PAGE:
Jang re-emerged in March 2006, accompanying Kim Jong-il on an official visit to China. In October 2007, the Korean Central News Agency confirmed that Jang had been promoted to the newly recreated post of first vice-director of the Workers' Party of Korea, with oversight responsibility for the police, judiciary, and other areas of internal security; Jang attended South Korean president Roh Moo-hyun's luncheon during the latter's visit to the North. It was later revealed that Jang had been actually appointed director of the Administration Department, an old agency of the Workers' Party abolished in 1990 and re-created by splitting the Organization Department. He was elected to the National Defence Commission in April 2009. He was made vice-chairman of the commission in summer 2010.
During this period he was a close ally of Kim Jong-il. Jang was still in the post four years later, in April 2013. The NDC is North Korea's de facto supreme decision-making body; Jang's promotion made him a key executive deputy, second only to Kim Jong-il. It is speculated that the move was part of posturing to make Kim Jong-il's son Kim Jong-un the next leader of North Korea. Jang's position in North Korean politics was also ostensibly boosted by the death of Ri Je-gang, a senior leader who was tipped by Kim Jong-il as a crucial overseer of the succession campaign.
Under Kim Jong-unEdit
On 25 December 2011, North Korean television Sunday showed Jang in the uniform of a general. A Seoul official familiar with North Korea affairs said it was the first time Jang has been shown on state television in a military uniform. His appearance suggested that Jang had secured a key role in the North's military, which had pledged its allegiance to Kim Jong-un. Jang's importance continued to be demonstrated during his 2012 visit to China: various aspects of the visit echoed protocol which had previously been followed only for Kim Jong-il, including half of his entourage arriving ahead of time as an advance party, with the Chinese ambassador to North Korea, Liu Hongcai, returning to China beforehand to greet Jang upon his arrival.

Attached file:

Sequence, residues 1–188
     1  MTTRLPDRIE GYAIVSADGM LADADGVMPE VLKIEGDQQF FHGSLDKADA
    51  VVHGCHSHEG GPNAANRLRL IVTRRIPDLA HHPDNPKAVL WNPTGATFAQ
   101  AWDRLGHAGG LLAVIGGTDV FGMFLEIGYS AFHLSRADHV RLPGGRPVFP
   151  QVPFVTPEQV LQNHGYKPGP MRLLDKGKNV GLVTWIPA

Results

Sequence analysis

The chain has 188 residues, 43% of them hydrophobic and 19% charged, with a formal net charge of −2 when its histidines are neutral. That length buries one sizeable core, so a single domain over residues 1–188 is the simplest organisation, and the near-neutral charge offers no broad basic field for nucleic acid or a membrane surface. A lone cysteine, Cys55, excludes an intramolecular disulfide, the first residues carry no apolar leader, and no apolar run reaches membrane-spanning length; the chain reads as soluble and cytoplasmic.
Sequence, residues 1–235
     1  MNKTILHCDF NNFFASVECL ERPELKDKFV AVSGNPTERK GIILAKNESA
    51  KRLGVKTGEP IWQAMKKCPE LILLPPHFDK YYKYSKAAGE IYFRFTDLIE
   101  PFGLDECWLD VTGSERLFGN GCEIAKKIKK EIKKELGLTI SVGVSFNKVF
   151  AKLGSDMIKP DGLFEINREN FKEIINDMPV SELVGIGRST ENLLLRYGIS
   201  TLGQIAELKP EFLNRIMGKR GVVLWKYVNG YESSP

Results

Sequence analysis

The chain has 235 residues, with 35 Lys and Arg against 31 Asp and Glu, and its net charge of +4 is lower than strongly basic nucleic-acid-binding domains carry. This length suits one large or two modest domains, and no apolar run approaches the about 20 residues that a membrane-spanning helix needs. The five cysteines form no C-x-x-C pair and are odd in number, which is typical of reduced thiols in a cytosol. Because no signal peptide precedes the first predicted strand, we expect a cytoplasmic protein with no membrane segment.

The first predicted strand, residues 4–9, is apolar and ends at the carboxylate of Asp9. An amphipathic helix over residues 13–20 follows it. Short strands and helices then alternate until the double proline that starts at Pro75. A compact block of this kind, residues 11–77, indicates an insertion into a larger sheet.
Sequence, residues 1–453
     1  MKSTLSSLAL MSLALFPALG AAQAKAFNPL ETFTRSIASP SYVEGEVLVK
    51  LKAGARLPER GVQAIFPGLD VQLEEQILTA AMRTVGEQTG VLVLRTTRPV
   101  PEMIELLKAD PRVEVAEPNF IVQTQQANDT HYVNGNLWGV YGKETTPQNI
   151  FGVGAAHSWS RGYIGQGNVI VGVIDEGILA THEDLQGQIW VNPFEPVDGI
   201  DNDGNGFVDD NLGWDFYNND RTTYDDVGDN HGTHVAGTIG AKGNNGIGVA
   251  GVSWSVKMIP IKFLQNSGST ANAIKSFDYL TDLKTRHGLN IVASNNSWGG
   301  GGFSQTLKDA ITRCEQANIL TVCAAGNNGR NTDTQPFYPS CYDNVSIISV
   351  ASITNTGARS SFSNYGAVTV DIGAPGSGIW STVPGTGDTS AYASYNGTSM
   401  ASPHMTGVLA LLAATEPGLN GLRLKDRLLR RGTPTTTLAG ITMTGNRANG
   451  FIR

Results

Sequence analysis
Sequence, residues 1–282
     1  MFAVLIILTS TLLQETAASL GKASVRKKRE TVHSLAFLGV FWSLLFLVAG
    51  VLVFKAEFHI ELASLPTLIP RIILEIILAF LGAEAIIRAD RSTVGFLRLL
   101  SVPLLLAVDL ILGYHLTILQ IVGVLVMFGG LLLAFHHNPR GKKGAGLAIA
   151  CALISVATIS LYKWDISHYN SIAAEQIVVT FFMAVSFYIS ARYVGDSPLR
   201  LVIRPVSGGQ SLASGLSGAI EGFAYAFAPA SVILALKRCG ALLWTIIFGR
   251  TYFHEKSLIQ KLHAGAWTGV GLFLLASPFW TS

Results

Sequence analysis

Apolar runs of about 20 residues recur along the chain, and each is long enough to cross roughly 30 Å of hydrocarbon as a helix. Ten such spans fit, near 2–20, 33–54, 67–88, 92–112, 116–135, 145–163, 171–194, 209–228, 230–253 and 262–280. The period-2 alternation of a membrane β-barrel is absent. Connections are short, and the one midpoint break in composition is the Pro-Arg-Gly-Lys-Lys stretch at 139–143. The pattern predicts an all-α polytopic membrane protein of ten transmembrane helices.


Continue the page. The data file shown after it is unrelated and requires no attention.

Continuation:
On 17 August 2012, Jang met with China's premier, Wen Jiabao in Ziguangge, Zhongnanhai. He met with China's president Hu Jintao, Wang Jiarui, head of China's international department of the CPC central committee and minister in charge of the national development and reform commission, Zhang Ping, minister of finance Xie Xuren, minister of commerce Chen Deming, Liaoning provincial party chief Wang Min, Jilin provincial party chief Sun Zhengcai, and vice foreign minister Zhang Zhijun. He was the head of a delegation of the joint steering committee for developing and managing the Rason Economic and Trade Zone and the Hwanggumpyong and Wihwa Islands Economic Zone. In the announcement, he was listed as chief of the central administrative department of the Workers' Party of Korea, a member of the WPK political bureau, and vice-chairman of the National Defense Commission.
Jang said Kim Jong-un believed that bilateral relations with China are important and that the "profound friendship will be passed on from generation to generation" between China and North Korea. At the meeting with Wen, Jang said: "The DPRK is willing to closely cooperate with China to accelerate relevant efforts and push forward cooperation in developing economic zones."
On 4 November 2012, the WPK Central Committee Politburo established a new State Physical Culture and Sports Guidance Commission, appointing Jang as its first chairman. An analyst suggests that this quiet promotion may have signaled a decline in Jang's status: in North Korea, "although sports can bring quick popularity, earn foreign exchange, raise patriotic fever, and help burn the energies of the youth and distract the masses from their daily hardships, it can never beat national security and socio-economic development in terms of its political significance. By asking Jang to chair the National Sports Commission, the young North Korean leader, less than a year into power, might have begun to nudge his uncle out of important policy deliberations."